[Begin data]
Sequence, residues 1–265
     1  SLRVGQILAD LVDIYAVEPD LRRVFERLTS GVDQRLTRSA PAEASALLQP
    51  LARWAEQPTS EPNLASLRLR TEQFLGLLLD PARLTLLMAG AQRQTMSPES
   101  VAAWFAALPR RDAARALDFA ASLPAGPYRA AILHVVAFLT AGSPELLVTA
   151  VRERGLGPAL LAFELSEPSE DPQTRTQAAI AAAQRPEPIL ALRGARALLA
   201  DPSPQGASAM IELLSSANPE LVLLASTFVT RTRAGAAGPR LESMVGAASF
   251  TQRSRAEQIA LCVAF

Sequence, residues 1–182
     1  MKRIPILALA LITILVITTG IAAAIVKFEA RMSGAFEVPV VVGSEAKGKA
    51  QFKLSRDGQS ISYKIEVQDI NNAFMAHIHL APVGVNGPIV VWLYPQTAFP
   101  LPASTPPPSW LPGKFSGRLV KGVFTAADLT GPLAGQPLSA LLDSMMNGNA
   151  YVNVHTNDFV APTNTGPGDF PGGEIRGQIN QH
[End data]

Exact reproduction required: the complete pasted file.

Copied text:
Sequence, residues 1–265
     1  SLRVGQILAD LVDIYAVEPD LRRVFERLTS GVDQRLTRSA PAEASALLQP
    51  LARWAEQPTS EPNLASLRLR TEQFLGLLLD PARLTLLMAG AQRQTMSPES
   101  VAAWFAALPR RDAARALDFA ASLPAGPYRA AILHVVAFLT AGSPELLVTA
   151  VRERGLGPAL LAFELSEPSE DPQTRTQAAI AAAQRPEPIL ALRGARALLA
   201  DPSPQGASAM IELLSSANPE LVLLASTFVT RTRAGAAGPR LESMVGAASF
   251  TQRSRAEQIA LCVAF

Sequence, residues 1–182
     1  MKRIPILALA LITILVITTG IAAAIVKFEA RMSGAFEVPV VVGSEAKGKA
    51  QFKLSRDGQS ISYKIEVQDI NNAFMAHIHL APVGVNGPIV VWLYPQTAFP
   101  LPASTPPPSW LPGKFSGRLV KGVFTAADLT GPLAGQPLSA LLDSMMNGNA
   151  YVNVHTNDFV APTNTGPGDF PGGEIRGQIN QH